Resolving this problem required me to think about the town and its location in my ancestor’s terms. In other documents, many Stroschein’s state they were from Prussia. I had to examine what Germany looked like when my ancestors lived there. Germany did not become a country until 1871. Before this, it was just a loose group of states, duchies, and Palatinates of Germanic origins allied together. In 1871,  Otto von Bismarck unified most of the German states, with one notable exception, Austria. So when Charles says he was born in Germany, this is misleading.

After World War I, the country of Poland was reformed from former regions known as East and West Prussia. Modern day Poland was called Germany from 1871 to the end of WWI. When I started to examine this area, a town emerged with the name GORZNO that was in the Brodnica area of Poland.

Armed with this information, I went to the Family History Library for the first time. Karen and I sat through the little introductory video of the library. Then with our first-time visitor tags on, I explaining my research needs, we were immediately ushered down to the B-1 level of the FHL. After consulting Meyers Orts, and discovering Lautenburg was the main Lutheran parish that coverd Gorzno, we went to the computer and found film #245696.

The elder from the FHL was so helpful that he loaded the film onto the reader for me. He started spinning through the film going past about half a dozen images. I was saying wait, wait, wait; I want to start from the beginning. The very helpful man told me, “Oh chances are the person you are looking for is not there.” Undaunted I rolled the film back to the first page, there, about six lines down was Paul Strohschein born to Johann Strohschein and Regina Bobrowski.

If there was ever a moment that stopped me in my tracks and made me think there should be a choir of angels singing with a giant heavenly gate opening this was it for me. I blurted out, “That is my Great Great Grandfather!” My very next statement was definitely from a rookie’s mouth, I proclaimed, “This genealogy stuff is easy!” You can imagine the ignorance of this statement from a wet behind the ears genealogist examining his first microfilm and looking through half a dozen entries and solving a great mystery of his family. I WAS HOOKED. Overcome with excitement; I did not even notice the throngs of people giving me an odd stare.

I spent the rest of the week trying to find this family in entirely foreign records to me…pun intended. This experience was also my first foray into German language records and my first ever look at “Old German Script.” Indoctrination by fire indeed, but that’s okay, I am after all a fireman.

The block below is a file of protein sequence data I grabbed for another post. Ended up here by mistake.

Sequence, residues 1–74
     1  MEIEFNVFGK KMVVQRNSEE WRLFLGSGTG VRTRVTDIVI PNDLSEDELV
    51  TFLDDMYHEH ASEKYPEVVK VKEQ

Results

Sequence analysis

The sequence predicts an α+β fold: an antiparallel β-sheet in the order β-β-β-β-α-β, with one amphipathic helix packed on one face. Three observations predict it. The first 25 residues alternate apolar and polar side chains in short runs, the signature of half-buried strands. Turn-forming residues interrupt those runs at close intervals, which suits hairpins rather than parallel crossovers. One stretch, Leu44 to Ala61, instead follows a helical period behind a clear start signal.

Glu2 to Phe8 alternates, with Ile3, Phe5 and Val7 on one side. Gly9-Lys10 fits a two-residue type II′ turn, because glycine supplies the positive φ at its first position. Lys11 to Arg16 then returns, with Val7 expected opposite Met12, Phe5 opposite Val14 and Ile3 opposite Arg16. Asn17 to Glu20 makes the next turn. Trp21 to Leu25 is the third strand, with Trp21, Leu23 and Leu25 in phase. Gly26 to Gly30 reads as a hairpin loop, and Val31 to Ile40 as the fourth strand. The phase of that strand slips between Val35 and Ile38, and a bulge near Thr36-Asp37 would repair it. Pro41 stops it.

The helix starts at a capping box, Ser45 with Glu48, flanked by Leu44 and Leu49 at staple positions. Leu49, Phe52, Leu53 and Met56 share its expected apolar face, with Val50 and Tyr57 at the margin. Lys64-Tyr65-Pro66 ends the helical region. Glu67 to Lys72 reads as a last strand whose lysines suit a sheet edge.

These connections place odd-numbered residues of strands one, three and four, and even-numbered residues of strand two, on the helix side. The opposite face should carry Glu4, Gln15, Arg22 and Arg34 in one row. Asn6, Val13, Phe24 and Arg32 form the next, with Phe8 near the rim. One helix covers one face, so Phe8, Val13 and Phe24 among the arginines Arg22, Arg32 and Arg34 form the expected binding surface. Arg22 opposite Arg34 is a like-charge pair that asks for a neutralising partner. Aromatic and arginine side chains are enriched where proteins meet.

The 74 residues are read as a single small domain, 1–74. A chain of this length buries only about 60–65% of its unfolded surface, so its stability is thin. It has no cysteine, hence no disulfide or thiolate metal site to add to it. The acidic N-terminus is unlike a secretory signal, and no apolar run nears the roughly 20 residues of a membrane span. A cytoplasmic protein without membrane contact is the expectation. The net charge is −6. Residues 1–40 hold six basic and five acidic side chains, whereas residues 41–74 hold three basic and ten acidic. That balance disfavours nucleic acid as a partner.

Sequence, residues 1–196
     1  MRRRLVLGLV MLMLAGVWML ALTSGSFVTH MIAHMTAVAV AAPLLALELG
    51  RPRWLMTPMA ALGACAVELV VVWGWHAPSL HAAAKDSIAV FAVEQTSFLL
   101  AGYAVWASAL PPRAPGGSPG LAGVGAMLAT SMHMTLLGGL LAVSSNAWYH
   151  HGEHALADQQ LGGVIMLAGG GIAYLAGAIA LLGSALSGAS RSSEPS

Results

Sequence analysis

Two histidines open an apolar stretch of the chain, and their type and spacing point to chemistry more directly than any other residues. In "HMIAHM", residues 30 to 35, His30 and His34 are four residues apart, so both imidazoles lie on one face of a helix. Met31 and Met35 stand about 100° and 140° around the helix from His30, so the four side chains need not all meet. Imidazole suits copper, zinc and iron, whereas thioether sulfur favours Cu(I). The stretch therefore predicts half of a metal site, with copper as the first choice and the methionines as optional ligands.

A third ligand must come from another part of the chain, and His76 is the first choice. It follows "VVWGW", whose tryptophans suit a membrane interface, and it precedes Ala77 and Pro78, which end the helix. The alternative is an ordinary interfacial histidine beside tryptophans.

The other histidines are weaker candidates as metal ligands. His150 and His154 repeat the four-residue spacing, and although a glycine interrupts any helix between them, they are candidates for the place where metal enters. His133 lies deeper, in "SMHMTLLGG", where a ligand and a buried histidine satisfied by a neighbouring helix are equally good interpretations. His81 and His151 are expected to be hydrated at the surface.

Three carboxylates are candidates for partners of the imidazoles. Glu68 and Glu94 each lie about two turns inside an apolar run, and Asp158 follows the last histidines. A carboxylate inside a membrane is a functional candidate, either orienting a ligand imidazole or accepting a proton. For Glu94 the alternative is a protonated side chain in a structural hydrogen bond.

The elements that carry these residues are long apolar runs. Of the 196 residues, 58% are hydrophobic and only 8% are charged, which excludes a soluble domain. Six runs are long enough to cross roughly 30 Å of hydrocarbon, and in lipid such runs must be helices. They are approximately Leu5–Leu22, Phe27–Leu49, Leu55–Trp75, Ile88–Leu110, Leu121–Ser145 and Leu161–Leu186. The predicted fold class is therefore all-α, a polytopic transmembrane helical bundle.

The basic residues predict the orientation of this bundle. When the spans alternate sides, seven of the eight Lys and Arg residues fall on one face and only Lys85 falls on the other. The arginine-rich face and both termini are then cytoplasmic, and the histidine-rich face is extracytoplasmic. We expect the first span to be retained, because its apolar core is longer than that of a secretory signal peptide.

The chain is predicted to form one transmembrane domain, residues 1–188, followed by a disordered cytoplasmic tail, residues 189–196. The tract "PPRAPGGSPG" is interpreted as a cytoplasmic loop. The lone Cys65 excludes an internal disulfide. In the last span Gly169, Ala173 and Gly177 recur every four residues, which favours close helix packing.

[1] Commonwealth of Pennsylvania Bureau of Vital Statistics, Certificate of Death, file no. 81281, registered no. 37, Gottlebe Stroschein, 20 August 1913; digital image Ancestry.com, (http://www.ancestry.com: accessed 2 February 2016), Pennsylvania Death Certificates 1906-1963.

[2] Karl Stroschein, Petiton for Citizenship (1903), filed 30 October 1903, Western District of Pennsylvania, Records of the District Court of the United States, Record Group 21, National Archives, Washington, D.C.; digital image Ancestry.com, (http://www.ancestry.com: accessed 2 February 2016), NARA microfilm series M1537, Roll 102, filed Oct 13-31, 1903.

[3] Fredrick Stroschein petition for naturalization (1919), naturalization petition file number 26733, Western District of Pennsylvania, U.S. District Court; digital image Ancestry.com, (http://www.ancestry.com: accessed 8 December 2015); NARA microfilm series M1537, Roll 225, Petitions 26661-26900.

[4] August Stroschein Petition for Naturalization (1912), naturalization petition file number 5929, Western District of Pennsylvania, Records of the District Court of the United States, Record Group 21, National Archives, Washington, D.C.; digital image Ancestry.com, (http://www.ancestry.com: accessed 2 February 2016), NARA microfilm series M1537, Roll 144, Petition Nos. 5851-6100.

[5] Hermann Stroschein Petition for Naturalization (1912), naturalization petition file number 5928, Western District of Pennsylvania, Records of the District Court of the United States, Record Group 21, National Archives, Washington, D.C.; digital image Ancestry.com, (http://www.ancestry.com: accessed 2 February 2016), NARA microfilm series M1537, Roll 144, Petition Nos. 5851-6100.